“He believed that America was leading the way in history toward democracy and equality,” said Dorothy Ross, a history professor emeritus at Johns Hopkins University. “At that time, Europe is still steeped in monarchs and failed revolutions, and America was still the only mass democracy in the Western world and believed that it was leading the historical way.”
Even the relatively unreligious Lincoln came to see the hand of God actively participating in American history through the Civil War.
“He gives to both North and South this terrible war,” Lincoln said in his second inaugural address, referring to God. “American slavery,” Lincoln said, was something that “He now wills to remove.”
The first president to say it
Despite its centuries-old influence, the term "American exceptionalism" didn’t emerge until sometime in the past 100 years.
Some historians say it’s unclear who coined the phrase, while others credit Joseph Stalin with doing so in 1929, when he admonished American communists for suggesting that the United States’ unique history could make it immune to Marxism.
In his reprimand, the Soviet leader decried “the heresy of American exceptionalism.”
Ironically, American intellectuals and eventually the broader public came to embrace the term, especially in the years following World War II, even after communists used the Great Depression as evidence of Stalin’s alleged "heresy.”
Just like President Woodrow Wilson had done in World War I, Franklin Roosevelt and Harry Truman justified American involvement in World War II largely on the basis that the country had been chosen to lead and transform the world.
After the Second World War, “the United States had emerged as the strongest country,” said Johns Hopkins’ Ross. “Social scientists began studying things like national character and what makes America unique.”
American affection for the idea grew during the Cold War, as the U.S. attempted to distinguish itself from the “godless” Soviet Union.
“Our governments, in every branch ... must be as a city upon a hill,” John F. Kennedy said in a Boston speech just before his inauguration in 1961, citing John Winthrop by name.
In the ’60s and ’70s, however, American scholars and others began challenging the idea of American exceptionalism, mostly from the left and especially after the Vietnam War, which liberals criticized as a costly exercise in American hubris.
Historians began to see exceptionalism as a scholarly construct, a way of interpreting American history rather than as accepted fact.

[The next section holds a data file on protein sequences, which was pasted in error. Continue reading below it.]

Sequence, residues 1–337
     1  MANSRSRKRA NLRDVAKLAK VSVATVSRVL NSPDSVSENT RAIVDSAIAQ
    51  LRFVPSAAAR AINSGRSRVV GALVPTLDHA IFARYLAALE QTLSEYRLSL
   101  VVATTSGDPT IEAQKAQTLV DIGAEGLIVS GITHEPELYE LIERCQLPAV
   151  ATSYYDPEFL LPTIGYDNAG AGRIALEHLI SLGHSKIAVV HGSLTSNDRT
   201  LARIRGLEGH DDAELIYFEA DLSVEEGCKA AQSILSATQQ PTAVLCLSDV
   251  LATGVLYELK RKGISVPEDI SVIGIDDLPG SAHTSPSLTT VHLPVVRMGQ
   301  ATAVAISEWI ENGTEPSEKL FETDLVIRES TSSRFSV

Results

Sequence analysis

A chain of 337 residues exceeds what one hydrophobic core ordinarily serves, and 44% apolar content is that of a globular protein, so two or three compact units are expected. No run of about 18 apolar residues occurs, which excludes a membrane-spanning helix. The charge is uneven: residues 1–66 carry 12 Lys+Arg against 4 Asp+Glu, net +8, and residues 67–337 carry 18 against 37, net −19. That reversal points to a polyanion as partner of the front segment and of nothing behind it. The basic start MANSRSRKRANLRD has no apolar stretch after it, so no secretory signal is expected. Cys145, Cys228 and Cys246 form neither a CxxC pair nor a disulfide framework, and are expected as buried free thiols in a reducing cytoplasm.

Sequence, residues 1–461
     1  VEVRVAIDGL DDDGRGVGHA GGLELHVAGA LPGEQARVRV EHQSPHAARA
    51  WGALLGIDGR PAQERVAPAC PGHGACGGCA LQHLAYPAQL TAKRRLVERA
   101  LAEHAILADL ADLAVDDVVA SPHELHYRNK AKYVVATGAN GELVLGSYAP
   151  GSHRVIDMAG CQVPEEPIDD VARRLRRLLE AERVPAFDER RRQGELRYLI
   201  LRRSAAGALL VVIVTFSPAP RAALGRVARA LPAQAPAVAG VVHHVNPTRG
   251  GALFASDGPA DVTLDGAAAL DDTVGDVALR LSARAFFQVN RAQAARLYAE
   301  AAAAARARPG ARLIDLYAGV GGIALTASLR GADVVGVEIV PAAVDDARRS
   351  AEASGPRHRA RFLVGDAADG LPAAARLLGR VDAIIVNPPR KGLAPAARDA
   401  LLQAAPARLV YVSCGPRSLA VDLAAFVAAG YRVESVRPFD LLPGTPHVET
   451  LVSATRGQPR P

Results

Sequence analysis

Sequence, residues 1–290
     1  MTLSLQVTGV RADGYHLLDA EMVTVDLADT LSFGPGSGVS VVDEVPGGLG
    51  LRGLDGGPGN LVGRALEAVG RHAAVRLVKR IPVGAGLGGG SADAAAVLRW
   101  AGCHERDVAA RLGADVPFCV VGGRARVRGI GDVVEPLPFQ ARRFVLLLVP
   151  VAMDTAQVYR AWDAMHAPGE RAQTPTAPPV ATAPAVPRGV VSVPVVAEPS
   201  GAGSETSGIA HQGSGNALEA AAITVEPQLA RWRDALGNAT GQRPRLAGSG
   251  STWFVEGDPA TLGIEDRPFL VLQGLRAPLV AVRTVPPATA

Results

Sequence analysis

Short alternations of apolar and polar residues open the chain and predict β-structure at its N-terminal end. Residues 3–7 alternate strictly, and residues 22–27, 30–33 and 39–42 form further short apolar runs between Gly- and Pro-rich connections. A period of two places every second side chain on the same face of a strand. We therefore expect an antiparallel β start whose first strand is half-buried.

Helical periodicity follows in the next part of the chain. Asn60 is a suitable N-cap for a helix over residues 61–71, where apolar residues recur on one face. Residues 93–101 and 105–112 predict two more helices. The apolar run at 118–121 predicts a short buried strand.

Ronald Reagan illustrated the partisan gap around the idea, speaking of America as a “city on a hill” and attacking President Jimmy Carter for allegedly showing weakness on the world stage, including in the Iran hostage crisis.
“We cannot escape our destiny, nor should we try to do so,” Reagan told the first annual Conservative Political Action Conference in 1974. “We are today the last best hope of man on Earth.”
President George W. Bush employed similar rhetoric in his global “freedom agenda,” even after initially pledging a “humble” foreign policy.
Despite greater Republican than Democratic support for the idea (91% vs. 70%) , a 2010 Gallup poll found that 80% of Americans subscribed to the notion that the U.S. has a “unique character that makes it the greatest country in the world.”
Boston University’s Prothero criticizes that definition of American exceptionalism, which he says is how most American politicians use the term today.
For John Winthrop, the shining city was an aspiration that depended on the righteous behavior of the Puritans, Prothero says, part of the social contract that laid the groundwork for democracy. Whether the city would in fact shine was an open question.
If the Puritans dealt falsely with their God, Winthrop had said in his 1630 sermon, there will be “curses upon us till we be consumed out of the good land whither we are going.”
In contemporary American politics, by contrast, Prothero says the idea of exceptionalism has been stripped of its conditionalism, becoming “a kind of brag.”
“Today, it’s ‘of course God blesses America,’ ” he said. “It’s presumptuous.”
Others have attacked the idea as little more than the kind of nationalism felt by citizens of countries all over the world.
“I believe in American exceptionalism,” President Obama said in France in 2009, “just as I suspect that the Brits believe in British exceptionalism and the Greeks believe in Greek exceptionalism.”
But the president has since sounded a different tune. In his Air Force Academy commencement speech in May, Obama repeatedly expressed support for American exceptionalism.
“The United States has been, and will always be, the one indispensable nation in world affairs,” Obama said. “It's one of the many examples of why America is exceptional.”
In fact, Obama appears to be the first sitting president to publicly use those words, political experts say. Given their place in the modern American political lexicon, nearly 400 years after Winthrop first gave voice to the idea, he is unlikely to be the last.
Tge problem with "exceptionalism" is that eveyone thinks they are exceptional. Its mythology.
Always remember that you are a unique human being, just like everyone else.